Instead, opt for a pre-holiday primer that supports the body’s ability to tan by boosting normal cell function. Omega 3, fern extract and biotin are all great ways to ensure your colour sticks around long after you’ve packed up the beach towel.
The most vital step in fending off the fade while away and once you’re back on home soil is to keep skin slick. And that means moisturiser. Lots of moisturiser.
“Skin needs to be moisturised daily regardless of sun exposure,” says Sally Penford, education manager at the International Dermal Institute. “But if you have been out in the sun you may find that it has become even drier and more sensitive.”
As well as slathering on the good stuff, to keep your beach body brown switch the occasional poolside pint for a glass of water. That way you don’t have to worry about scales, or the scales.
The safest and quickest way to get a tan without looking like Iggy Pop is to fake it, whether that’s at home with a sunless product or by visiting a professional.
The UK’s leading spray tanner James Harknett, whose past clients include Harry Styles and Oliver Cheshire, says 15 minutes in his spa at the W Hotel Leicester Square can help eke out a natural tan for an extra week.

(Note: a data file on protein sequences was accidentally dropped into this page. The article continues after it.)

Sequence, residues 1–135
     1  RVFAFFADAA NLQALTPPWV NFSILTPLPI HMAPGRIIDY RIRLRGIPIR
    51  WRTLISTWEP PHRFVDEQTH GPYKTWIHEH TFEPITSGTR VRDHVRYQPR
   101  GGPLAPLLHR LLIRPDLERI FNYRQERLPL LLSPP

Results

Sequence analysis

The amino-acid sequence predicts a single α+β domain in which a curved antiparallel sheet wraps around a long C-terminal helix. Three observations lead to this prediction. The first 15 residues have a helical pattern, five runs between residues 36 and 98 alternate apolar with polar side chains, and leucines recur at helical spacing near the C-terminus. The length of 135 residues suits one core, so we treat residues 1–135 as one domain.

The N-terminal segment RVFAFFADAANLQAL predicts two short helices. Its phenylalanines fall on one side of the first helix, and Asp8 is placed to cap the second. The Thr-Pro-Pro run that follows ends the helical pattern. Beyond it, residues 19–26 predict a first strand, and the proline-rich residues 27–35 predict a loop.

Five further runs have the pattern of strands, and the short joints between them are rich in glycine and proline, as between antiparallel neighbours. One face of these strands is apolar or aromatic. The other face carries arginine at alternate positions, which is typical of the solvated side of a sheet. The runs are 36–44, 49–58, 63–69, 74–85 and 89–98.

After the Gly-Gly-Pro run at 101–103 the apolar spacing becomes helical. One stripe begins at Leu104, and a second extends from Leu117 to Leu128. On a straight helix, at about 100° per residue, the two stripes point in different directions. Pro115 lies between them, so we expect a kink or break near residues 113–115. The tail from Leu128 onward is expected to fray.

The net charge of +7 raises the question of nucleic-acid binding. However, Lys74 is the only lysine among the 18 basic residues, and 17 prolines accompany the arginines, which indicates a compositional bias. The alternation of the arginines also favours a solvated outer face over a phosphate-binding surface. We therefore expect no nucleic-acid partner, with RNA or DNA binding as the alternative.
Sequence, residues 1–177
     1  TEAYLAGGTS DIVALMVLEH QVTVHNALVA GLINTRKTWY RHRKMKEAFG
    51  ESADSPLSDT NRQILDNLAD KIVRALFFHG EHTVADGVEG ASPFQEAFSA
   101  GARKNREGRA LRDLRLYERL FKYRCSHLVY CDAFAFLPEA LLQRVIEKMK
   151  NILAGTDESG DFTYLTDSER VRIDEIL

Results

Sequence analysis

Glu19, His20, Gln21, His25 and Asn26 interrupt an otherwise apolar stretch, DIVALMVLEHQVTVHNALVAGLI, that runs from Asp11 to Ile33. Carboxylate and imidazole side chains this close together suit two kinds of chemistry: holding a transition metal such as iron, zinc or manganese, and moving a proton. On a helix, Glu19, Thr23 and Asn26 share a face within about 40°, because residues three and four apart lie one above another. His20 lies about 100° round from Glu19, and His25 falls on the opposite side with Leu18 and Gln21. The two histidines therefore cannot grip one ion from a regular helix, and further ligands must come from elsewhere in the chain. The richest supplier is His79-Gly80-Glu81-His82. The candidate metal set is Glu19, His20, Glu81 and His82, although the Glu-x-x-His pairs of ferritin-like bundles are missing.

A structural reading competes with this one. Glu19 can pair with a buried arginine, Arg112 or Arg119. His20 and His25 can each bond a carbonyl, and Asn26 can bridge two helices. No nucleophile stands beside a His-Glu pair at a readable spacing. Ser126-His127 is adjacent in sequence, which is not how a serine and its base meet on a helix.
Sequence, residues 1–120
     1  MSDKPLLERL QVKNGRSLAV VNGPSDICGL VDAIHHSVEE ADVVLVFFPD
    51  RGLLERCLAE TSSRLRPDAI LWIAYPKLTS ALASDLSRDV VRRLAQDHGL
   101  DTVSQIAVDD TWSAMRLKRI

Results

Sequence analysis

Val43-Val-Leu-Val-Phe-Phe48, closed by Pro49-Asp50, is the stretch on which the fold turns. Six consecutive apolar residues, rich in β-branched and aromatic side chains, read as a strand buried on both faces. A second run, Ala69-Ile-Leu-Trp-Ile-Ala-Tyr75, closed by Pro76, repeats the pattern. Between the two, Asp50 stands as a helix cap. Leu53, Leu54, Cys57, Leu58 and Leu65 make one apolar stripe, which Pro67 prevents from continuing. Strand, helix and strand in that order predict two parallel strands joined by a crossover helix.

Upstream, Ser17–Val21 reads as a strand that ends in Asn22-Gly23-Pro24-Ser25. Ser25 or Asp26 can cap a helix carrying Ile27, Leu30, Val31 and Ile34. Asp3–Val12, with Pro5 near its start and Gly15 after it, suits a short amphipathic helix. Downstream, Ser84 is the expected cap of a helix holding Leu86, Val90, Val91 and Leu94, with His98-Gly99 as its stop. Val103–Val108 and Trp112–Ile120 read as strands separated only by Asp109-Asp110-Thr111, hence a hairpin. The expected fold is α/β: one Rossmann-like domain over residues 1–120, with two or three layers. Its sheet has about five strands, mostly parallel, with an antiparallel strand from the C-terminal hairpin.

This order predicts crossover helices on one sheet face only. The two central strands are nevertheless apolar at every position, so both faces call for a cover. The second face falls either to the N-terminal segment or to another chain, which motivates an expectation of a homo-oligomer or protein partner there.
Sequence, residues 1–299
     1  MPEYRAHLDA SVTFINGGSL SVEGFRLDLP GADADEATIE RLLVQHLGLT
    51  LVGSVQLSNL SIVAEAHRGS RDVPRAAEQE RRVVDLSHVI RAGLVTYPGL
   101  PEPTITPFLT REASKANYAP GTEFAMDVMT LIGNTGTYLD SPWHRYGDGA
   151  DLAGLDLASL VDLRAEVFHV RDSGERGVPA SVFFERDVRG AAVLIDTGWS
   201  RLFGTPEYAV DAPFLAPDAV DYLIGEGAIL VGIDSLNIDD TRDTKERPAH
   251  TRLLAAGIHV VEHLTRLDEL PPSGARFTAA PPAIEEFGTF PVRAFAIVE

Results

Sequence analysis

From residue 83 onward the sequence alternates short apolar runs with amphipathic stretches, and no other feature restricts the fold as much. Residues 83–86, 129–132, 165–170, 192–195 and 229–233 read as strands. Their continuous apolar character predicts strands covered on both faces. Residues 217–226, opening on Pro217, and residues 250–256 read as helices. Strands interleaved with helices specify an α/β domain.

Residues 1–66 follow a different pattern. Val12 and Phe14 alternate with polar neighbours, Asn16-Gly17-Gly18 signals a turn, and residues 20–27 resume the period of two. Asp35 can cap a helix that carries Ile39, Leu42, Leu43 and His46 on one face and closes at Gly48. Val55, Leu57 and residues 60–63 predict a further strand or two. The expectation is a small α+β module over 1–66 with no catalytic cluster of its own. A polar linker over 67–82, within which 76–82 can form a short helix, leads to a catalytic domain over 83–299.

“Wait until you notice you’re only slightly darker than your pre-holiday shade, then get a spray tan to boost the colour,” says Harknett. “Natural tans don’t always disappear evenly, but a professional will be able to identify where it has faded quickest – such as on the face – and even it out.”
Cheat With Your Clothes
The sad reality is that tan can fade as quickly as it appeared. So as well as working for your skin tone, knowing which colours can give it extra air miles is essential.
This goes beyond the age-old trick of wearing white on your first day back at work, says David Gandy’s go-to stylist Joe Ottaway.
“Any pastel colour from blue to pale pink is going to help maximise your tan as these hues help increase the warm tones in your skin. For chaps who have dark hair and a deep olive tone to their tan, wearing black will highlight the golden tones.”